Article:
Randle believes his arsenal of power drives, post scoring, passing and jump shooting can complement Davis’ elite game.

“Obviously, [Cousins] was great here,” Randle said. “But it’s a different dynamic with me being able to use my speed and athleticism and being able to get down the floor.”

Added Gentry: “He brings a physical presence to our team that is going to be a big plus. He is also capable of being a playmaker for us and is very good at rebounding the ball and initiating the break. I feel like he is going to have a big year.”

While the Pelicans are not often mentioned as NBA title contenders this year, don’t tell that to the 6-foot-9-inch power forward.

“I am not settling for anything else other than to compete for a championship,” Randle said. “I want to compete for a championship. I’m saying, ‘Why not?’ We are talented from top to bottom. You saw what those guys did last year in the playoffs. I feel like I can add to that.”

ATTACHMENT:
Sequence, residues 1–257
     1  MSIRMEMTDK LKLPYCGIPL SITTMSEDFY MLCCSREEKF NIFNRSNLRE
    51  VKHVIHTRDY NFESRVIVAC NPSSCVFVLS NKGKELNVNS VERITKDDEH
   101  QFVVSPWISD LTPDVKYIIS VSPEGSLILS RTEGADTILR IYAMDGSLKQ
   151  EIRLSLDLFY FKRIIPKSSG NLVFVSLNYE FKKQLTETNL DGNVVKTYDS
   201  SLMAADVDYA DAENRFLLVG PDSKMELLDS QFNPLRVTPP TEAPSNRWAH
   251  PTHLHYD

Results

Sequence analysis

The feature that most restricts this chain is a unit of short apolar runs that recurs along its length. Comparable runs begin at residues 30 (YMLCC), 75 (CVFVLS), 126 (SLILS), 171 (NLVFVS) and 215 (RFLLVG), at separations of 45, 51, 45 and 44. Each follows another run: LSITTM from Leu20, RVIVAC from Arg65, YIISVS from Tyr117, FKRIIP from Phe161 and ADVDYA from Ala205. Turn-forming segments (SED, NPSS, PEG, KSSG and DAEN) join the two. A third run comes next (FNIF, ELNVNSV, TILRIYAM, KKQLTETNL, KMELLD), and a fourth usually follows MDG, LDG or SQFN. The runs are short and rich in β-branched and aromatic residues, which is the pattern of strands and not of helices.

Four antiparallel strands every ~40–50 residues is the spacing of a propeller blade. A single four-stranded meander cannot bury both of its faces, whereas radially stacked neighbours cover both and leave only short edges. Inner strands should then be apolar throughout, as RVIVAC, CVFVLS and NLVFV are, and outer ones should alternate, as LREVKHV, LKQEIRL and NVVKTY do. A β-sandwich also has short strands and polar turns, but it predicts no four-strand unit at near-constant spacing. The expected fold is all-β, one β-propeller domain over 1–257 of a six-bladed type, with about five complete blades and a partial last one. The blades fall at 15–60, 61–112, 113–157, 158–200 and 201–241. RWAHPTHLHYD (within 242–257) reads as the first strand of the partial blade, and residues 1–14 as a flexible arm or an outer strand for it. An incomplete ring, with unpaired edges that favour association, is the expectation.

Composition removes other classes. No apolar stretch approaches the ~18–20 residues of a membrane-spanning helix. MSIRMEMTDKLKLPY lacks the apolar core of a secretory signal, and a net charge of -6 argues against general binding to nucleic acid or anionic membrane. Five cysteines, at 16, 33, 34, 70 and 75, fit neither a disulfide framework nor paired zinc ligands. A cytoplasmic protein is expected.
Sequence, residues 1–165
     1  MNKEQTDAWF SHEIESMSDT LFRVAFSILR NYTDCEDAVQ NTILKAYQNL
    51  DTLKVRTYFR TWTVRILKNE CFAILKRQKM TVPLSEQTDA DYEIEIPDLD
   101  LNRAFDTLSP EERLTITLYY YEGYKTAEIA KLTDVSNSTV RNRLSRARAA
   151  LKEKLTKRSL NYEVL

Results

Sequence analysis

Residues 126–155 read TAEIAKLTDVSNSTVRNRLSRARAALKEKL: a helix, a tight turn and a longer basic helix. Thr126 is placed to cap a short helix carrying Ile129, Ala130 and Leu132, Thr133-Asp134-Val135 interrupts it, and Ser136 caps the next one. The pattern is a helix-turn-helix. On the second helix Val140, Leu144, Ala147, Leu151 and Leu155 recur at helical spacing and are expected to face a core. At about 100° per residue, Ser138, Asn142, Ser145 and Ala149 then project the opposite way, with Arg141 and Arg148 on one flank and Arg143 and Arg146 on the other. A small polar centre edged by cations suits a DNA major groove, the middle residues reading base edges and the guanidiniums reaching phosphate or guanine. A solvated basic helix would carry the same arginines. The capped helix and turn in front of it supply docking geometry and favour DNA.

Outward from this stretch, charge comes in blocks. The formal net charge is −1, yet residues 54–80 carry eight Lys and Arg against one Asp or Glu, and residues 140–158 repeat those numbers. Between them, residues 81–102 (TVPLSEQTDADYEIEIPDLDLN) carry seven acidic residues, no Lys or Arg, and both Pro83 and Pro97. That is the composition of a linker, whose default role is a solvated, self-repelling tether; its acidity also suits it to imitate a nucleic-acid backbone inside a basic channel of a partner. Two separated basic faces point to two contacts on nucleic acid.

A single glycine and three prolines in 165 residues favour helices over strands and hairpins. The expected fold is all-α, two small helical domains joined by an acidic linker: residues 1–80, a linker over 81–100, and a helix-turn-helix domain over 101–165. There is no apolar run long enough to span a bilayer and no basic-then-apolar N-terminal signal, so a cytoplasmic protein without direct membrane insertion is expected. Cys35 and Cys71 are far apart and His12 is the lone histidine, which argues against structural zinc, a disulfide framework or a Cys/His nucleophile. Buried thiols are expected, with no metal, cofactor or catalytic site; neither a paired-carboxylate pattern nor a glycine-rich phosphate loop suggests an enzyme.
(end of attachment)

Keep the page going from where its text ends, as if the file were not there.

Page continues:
Randle, who signed a two-year, $18 million deal with a player option, has the ability to become an unrestricted free agent next summer. But he said he wants to be in New Orleans long term.

“With the contract situation, I am not worried about it,” Randle said. “For me, I feel I have an opportunity to pick the best basketball atmosphere that is out there for me. I’m just happy with that. I hoop with a clear mind.”

The biggest question in New Orleans, of course, is what the Pelicans look like in the long term. Their cornerstone, Davis, will be a free agent in 2021, and speculation has already begun about where he might land.

Either way, Randle is prepared for what lies ahead this season.

“I come from a place where there is a storyline every day,” Randle said. “For over a year, ‘Is LeBron coming here? Is Paul George coming here? Blah, blah, blah.’ That was from day one since I got there because LeBron was a free agent. There was a storyline every single day.

“What is going to happen is what is going to happen. But I feel like A.D. loves it. He earned the right to do whatever he wants to do. But he will be here, hopefully.”

Marc J. Spears is the senior NBA writer for The Undefeated. He used to be able to dunk on you, but he hasn’t been able to in years and his knees still hurt.